and yet by its refusal to assist HMRC is not assisting the "customer".

    Making HMRC the arbitrator in these circumstances may not be the best solution then.

    Notwithstanding the cynical or conspiracy believers who may just feel that the artificial Directorship Silo's that exist within HMRC complete with their own agenda or mission statements do not have a vested interest in ensuring that the right tax i.e. repayment, is paid. Communication and data pathways within the organisation is not renowned for interaction across business areas.
    Or it maybe something to do with overall tax gap in that by not repaying £XBn of PAYE overpayment, then perversely the books are better balanced?

    Jury still out on this one, in mitigation, HMRC "customers" are human and capable of making mistakes with or without complex tax rules and forms.

    Would be interested to know how HMRC refers to its "customers" in legislation or court though as I dont recall seeing the word customer within the context of taxpayer within existing legislation.

    ReplyDelete
    Replies
    1. In legislation it's normally "person" or "company". I'm not familiar with legislation on benefits (e.g. tax credits) so that might be something else ("claimant", maybe?) but I suspect it will also be "person".

      "Customer" is an umbrella term that covers a wide range of people that interact with HMRC, including taxpayers, agents, employers acting in the capacity of tax collectors (PAYE), businesses that pay no tax but maybe claim back input VAT, tax credits claimants, etc.

      I can understand people's frustration with the use of "customer" (though I'm not convinced by the argument that's often made about choice), but it strikes me that none of those who complains about it ever seems to suggest an alternative. Should, for example, HMRC:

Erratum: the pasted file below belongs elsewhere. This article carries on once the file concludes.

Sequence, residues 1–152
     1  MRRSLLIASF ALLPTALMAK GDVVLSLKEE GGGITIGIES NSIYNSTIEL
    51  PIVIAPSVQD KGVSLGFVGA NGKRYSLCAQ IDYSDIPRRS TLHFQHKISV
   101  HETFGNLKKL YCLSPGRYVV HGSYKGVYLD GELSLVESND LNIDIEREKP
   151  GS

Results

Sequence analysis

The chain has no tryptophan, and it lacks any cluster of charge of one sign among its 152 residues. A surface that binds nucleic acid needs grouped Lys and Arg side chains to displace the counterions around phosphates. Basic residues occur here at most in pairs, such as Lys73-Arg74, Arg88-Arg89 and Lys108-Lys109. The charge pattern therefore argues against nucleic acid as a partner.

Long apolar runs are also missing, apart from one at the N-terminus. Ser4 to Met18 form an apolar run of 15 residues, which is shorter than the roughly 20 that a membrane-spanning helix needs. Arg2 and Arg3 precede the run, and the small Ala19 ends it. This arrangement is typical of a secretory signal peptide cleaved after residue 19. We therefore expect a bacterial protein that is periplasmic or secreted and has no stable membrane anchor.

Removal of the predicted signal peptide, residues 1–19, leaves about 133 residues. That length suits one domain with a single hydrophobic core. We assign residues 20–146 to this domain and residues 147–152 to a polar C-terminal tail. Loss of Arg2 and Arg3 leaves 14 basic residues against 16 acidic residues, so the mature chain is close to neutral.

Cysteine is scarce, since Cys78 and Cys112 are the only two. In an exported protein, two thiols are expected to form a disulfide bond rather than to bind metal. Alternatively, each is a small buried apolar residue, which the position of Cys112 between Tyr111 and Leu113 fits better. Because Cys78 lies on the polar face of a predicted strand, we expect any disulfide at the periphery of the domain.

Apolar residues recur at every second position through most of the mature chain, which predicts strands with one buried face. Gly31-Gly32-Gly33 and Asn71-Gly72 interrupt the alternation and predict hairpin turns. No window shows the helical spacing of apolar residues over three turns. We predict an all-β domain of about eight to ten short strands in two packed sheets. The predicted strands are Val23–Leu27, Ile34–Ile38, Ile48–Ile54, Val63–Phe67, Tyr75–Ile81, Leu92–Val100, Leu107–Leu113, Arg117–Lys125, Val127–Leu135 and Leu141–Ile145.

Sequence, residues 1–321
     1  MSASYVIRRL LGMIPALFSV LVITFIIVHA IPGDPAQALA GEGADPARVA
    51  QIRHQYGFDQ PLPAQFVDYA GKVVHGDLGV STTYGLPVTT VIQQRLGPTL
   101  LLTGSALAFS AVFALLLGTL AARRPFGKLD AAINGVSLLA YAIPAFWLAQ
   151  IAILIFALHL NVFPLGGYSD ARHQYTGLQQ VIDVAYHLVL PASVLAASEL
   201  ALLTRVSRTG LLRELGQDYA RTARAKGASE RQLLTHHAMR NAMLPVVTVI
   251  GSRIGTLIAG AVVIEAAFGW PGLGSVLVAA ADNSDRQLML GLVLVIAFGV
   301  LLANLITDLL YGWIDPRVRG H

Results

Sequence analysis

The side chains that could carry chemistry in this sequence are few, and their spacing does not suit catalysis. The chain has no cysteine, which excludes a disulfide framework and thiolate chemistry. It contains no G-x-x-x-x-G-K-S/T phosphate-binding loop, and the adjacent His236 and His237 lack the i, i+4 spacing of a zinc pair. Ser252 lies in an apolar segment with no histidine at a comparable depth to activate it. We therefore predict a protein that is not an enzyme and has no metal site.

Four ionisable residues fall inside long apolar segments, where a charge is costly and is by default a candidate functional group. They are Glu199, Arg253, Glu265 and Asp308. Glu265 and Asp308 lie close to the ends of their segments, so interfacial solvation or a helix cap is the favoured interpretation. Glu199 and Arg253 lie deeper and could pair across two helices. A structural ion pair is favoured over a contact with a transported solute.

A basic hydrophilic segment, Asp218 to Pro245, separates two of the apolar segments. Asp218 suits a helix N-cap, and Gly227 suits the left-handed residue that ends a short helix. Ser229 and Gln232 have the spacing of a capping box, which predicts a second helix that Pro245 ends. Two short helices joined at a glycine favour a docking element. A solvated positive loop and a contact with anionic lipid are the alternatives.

- refer to everyone it deals with as a "taxpayer", even though this isn't correct in many cases;
      - use a long list like the one above each time it wants to refer to everyone it deals with;
      - use a different umbrella term, if so, what?

      Answers on a postcard to Lin Homer...

      Stew G

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    2. Would not wish to waste the cost of a stamp.

      Overall, I agree with you, as you suggest, WRT to HMRC's use of "customer".

      There are only 2 reasons why people use HMRC and that is to contribute (give, pay etc.) or receive (claimants, repayment recipients etc) in some way. There is no choice, whether you be a person or some other form of legal entity.

      Most people see the use of "customer" as yet another example of how HMRC has lost the plot, even Lawbreakers were referred to as "customers", although this particular imposition on staff may well have been quietly dropped?

      Prior to the use of the "word", it should be recalled that the widespread use of other words such as taxpayer, trader, claimant etc. seemed to suffice and my suggestion would be to return to those common sense descriptors and drop the use of retail related words that do nothing to improve the "end-users" "experience". "Wishful thinking" combined with over zealous use of parentheses, I admit, but then I suppose that even users of overseas tax havens or avoidance schemes are just as much "customers" as the honest taxpayers or the dishonest evaders?